Why "Poker Run" and how does the event unfold? Rabi: "All participants pick five cards each, from the pre-party to every stop on the route, and on the final night we pick a lucky winner on the basis of the cards. Winners walk away with complimentary vouchers. Our team consists of a road captain who leads all the Enfields; no one can go ahead of him. We don’t have any other rules as such; everyone is there to have a good time in a civilized manner and we have never really had any problems. We also have mechanics to help the bikers, should the need arise. Also, there is always an ambulance and a medical kit in case of an emergency. We have a variety of awards given to the participants, like the Most Senior Rider, Best Woman Biker, Best Modified Bike, Best Maintained Old Bike. Poker Run is all about having a good time with friends, old and new!", concluded Rabi.



'Nuff said about the event, let's go ride! April 12th, the last day of year 2072 (Nepali BS calendar). A hazy morning finds myself on a wide and fenced open space in Tudikhel, in front of Kathmandu Mall, where all the riders would meet and later depart for Pokhara, 200 km away. Because of the heat, the dust and the polluted air - Nepal's capital ranks high when it comes to this - I could barely see the horizon. Groups by groups, bikers from Nepal, but also other parts of the world, started to arrive riding their Royal Enfield motorbikes. Between taking photos and shooting some videos of them, I had the chance to chat with dear friends from October 2014, but also meet new people, passionate about motorbikes and adventure. Following a speech by Rabi and Chief Guest Prakash Man Singh, a politician and an avid sportsman, the 8th Enfield Rendezevous and Poker Run was flagged off in the sound of roaring engines, horns and a burnout.

My first contact with Kathmandu's polluted and chaotic traffic was back in October 2014, on the way from the airport to the hotel. And now I've found myself again in the middle of it. Be it motorbikes, taxis, buses, trucks or private cars, everybody is using the horn excessively (if you don't horn, you don't exist!) and they zig-zag like you haven't seen before. Although you expect someone to crash in the next few seconds, this doesn't happen. Somehow they all know what they're doing and anticipate other drivers / bikers' moves. Neither in October 2014, nor now have I seen a single traffic incident while driving on the busy streets of Kathmandu. This crazy traffic feels even more intense from a motorbike as air and dust hit you right in the face. It took us 30-45 minutes to exit Kathmandu and in that time I inhaled exhaust fumes for an entire year! It was a pretty intense ride - dodging oncoming cars that were overtaking and entering a good part of your lane (in Nepal they drive on the left, just like in UK and Japan), pedestrians crossing the street when least expected, then stopping inches from your motorbike to let you pass. Even so, the rider from Rabi's team I went with was good and we managed to clear Kathmandu with ease heading to cleaner air, beautiful scenery and less congested traffic.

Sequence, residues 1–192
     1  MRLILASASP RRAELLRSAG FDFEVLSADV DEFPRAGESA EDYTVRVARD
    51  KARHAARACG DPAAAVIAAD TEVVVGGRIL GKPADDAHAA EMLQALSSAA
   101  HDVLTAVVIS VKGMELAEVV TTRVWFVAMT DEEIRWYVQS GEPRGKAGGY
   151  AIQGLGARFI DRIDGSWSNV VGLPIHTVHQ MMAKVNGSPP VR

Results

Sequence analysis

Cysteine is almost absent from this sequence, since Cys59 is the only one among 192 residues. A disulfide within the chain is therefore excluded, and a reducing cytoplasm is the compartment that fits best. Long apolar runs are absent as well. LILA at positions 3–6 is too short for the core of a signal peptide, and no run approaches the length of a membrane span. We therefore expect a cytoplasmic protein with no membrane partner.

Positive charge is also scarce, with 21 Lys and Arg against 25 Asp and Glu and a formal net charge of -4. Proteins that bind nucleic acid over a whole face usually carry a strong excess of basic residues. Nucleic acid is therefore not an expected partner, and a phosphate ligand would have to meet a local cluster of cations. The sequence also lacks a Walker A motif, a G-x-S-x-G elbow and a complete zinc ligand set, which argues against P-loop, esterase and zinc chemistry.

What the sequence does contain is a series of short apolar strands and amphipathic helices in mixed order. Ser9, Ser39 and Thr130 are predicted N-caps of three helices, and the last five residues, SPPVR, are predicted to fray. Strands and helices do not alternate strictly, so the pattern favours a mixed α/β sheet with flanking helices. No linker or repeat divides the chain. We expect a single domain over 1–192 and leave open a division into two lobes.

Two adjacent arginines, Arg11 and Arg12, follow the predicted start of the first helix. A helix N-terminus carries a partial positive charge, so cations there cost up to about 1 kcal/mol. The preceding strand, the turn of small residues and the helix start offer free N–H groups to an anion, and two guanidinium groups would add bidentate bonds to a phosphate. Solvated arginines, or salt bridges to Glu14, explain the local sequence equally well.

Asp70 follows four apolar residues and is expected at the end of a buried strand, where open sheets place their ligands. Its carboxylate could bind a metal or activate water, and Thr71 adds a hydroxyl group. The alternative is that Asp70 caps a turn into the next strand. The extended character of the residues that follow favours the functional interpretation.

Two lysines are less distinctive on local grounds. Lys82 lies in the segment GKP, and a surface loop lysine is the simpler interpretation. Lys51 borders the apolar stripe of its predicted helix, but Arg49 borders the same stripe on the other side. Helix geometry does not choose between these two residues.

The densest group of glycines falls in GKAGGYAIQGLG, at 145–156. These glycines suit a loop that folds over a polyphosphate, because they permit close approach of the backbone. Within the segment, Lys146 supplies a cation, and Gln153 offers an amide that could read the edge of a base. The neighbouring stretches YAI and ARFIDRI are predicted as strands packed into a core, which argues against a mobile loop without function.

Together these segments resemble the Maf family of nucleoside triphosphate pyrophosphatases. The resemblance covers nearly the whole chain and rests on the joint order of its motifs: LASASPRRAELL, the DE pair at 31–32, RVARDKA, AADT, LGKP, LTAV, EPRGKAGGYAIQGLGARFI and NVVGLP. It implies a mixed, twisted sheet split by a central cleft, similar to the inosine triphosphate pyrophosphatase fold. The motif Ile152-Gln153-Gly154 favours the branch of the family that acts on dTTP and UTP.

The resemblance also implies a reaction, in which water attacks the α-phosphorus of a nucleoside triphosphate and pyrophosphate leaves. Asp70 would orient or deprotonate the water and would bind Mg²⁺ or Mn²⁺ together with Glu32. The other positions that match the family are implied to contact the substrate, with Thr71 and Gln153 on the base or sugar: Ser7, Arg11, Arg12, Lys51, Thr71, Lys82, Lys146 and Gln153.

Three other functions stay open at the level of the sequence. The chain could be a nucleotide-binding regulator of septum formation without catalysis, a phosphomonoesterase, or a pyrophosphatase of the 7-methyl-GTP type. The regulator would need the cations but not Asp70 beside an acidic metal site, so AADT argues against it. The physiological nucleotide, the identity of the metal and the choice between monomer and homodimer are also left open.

Just like in the previous years, the 8th Enfield Rendezvous and Poker Run included some stops for refreshments and entertaining events along the route. On our way to beautiful Pokhara - Nepal's second tourist destination after Kathmandu, but first when it comes to amazing landscapes and activities - we stopped for breakfast at Dharke, then lunch at Muglin and took a Red Bull break at Akala. Before entering Pokhara, after nightfall, most of the riders regrouped and we rode into town two by two, much to the delight of the passers-by. Try to imagine how hundreds of Royal Enfield motorbikes sounded in the still of the night... Unfortunately, this part can't be translated into words. You have to experience it - at least once - to fully understand the feeling! Together with the second rider from Rabi's team, I arrived at Fulbari Resort at around 21:00, took a refreshing shower and headed to the resort's garden to start New Year's Eve 2073 celebrations with 250 bikers and guests.